Over the past 70 years, there has been a global decline in fertility rates, with a total fall of 50pc. In most parts of the world, fertility rates are now well below the replacement level of 2.1 babies per woman. (Ireland’s fertility rate is about 1.6, from a peak of 3.9 births per woman in the early 1960s).
Data scientist and filmmaker Stephen J. Shaw has travelled to 24 countries and analysed millions of data points in order to understand global fertility rates and predict the future population of the Earth. The results, presented in his documentary, “Birthgap”, are alarming.
It is a common belief that there are too many people on this planet, but the truth is that there is a real risk that the overall population will collapse, with dramatic consequences. Shaw predicts a humanitarian crisis of lonely old people.
Even if the overall number of people is still growing, soon the trend will reverse, as it is already happening in many countries.
Seventy percent of countries worldwide are currently below the population tipping point. As the number of newborns continue to decline, there will be a greater responsibility for supporting a larger elderly population.
Significantly, Shaw shows that in 30 industrialised countries, the average family size in the mid-1980s was the same as today: 2.4 people. This being so, why have average fertility rates falling by so much? The answer is that far fewer people are becoming parents at all.
By way of illustration, he points out that Japan has one of the lowest fertility rates in the world at 1.34. In 1973, 6pc of Japanese mothers were having four or more children, but surprisingly this figure is exactly the same today. What has changed is the number of childless women. It was 6pc in 1973 and within four years it reached 30pc, causing a drastic drop in births.
The same can be seen in other countries with very low birth rates. In Italy, for instance, 40pc of women are now childless.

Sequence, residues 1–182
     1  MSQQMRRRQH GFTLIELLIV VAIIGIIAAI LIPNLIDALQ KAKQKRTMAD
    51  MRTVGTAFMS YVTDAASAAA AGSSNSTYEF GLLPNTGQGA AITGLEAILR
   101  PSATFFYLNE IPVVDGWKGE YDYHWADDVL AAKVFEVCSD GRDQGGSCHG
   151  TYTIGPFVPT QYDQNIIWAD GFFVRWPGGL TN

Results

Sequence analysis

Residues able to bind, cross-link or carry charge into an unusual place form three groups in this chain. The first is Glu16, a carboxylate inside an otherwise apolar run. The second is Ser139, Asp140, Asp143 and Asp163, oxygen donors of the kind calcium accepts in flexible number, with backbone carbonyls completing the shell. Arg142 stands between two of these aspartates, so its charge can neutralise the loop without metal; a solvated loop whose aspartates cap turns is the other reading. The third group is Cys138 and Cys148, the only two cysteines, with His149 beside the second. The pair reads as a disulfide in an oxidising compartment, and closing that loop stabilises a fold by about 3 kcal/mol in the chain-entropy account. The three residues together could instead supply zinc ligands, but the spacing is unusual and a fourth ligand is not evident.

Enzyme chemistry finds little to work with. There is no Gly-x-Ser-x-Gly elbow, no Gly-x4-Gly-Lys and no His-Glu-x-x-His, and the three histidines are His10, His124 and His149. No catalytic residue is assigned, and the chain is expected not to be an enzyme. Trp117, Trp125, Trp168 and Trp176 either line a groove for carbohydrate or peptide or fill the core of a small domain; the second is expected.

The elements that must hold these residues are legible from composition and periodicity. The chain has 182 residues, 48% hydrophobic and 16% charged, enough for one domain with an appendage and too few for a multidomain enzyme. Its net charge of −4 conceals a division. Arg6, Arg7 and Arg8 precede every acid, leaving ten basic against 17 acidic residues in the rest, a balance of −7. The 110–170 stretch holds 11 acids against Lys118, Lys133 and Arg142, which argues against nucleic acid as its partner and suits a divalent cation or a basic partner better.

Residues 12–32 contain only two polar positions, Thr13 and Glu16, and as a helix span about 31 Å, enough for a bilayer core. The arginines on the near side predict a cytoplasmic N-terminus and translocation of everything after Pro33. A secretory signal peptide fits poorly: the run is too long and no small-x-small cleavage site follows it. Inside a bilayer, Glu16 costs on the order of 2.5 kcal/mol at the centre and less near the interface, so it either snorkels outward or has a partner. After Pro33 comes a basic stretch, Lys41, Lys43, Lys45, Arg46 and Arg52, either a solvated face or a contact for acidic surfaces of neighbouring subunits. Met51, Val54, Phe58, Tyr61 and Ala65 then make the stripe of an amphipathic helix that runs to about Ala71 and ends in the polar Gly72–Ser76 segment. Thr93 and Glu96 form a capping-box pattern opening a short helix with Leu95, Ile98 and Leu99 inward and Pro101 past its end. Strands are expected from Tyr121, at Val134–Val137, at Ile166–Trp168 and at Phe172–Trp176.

It is not that mothers are having fewer children, but instead, there are fewer mothers. So the real issue is childlessness, which is often not what childless women want, Shaw claims.
This trend can be attributed to many factors.
A meta-study by Dutch academic Prof. Renske Keizer, found that just 10pc of women without children are childless by choice, 10pc for medical reasons, and 80pc because of circumstances. The most common factor is that they cannot find a suitable relationship. Paradoxically, this happens more when they are more educated and have a good career, as the more professionally successful a woman is, the stronger her preference for successful men. The problem is that not enough of these men exist.
Another factor, Shaw says, is that the female ‘fertility window’ is often overestimated and having children is delayed, by choice or circumstances, until the chance is gone.
There is no simple solution to a complex problem and all attempts so far have only mitigated the trend that has become global. Only in parts of Africa are fertility rates still above the replacement level.
Given that more women want children than is the case, society needs to urgently find legitimate ways of meeting this wish.